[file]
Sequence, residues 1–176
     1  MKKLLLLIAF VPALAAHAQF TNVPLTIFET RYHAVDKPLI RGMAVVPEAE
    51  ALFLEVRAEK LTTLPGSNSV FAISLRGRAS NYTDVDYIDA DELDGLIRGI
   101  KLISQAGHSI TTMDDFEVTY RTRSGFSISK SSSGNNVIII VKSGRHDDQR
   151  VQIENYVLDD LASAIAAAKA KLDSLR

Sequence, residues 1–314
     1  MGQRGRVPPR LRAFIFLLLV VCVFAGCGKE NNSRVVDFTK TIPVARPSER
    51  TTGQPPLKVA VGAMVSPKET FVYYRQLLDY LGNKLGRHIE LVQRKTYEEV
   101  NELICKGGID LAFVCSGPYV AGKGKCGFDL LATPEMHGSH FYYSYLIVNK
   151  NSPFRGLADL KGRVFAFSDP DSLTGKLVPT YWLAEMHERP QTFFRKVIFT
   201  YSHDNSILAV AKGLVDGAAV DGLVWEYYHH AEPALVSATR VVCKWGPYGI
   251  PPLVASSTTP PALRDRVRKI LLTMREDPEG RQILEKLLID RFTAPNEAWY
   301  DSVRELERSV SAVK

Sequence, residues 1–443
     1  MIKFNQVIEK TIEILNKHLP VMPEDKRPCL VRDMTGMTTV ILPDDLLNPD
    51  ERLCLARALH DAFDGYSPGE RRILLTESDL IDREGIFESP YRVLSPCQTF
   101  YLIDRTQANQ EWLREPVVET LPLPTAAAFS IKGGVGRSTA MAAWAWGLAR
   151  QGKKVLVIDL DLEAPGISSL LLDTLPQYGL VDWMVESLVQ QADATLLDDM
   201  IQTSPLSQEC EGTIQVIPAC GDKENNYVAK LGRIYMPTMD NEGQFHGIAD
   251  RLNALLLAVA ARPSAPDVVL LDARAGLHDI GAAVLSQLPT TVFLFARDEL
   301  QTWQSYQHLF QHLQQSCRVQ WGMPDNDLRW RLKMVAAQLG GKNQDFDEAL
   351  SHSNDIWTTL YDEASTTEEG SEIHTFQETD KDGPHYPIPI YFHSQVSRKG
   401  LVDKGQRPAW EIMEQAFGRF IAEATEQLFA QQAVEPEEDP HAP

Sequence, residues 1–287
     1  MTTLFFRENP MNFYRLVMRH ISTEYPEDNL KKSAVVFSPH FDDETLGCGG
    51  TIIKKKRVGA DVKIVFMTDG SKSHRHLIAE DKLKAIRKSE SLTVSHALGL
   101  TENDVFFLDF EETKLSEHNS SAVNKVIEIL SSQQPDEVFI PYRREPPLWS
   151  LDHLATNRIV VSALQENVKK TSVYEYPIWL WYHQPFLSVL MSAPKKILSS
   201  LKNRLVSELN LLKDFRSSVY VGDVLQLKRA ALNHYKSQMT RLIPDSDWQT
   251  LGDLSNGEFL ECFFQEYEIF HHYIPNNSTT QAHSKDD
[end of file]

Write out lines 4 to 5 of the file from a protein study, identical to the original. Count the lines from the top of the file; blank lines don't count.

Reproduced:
   101  KLISQAGHSI TTMDDFEVTY RTRSGFSISK SSSGNNVIII VKSGRHDDQR
   151  VQIENYVLDD LASAIAAAKA KLDSLR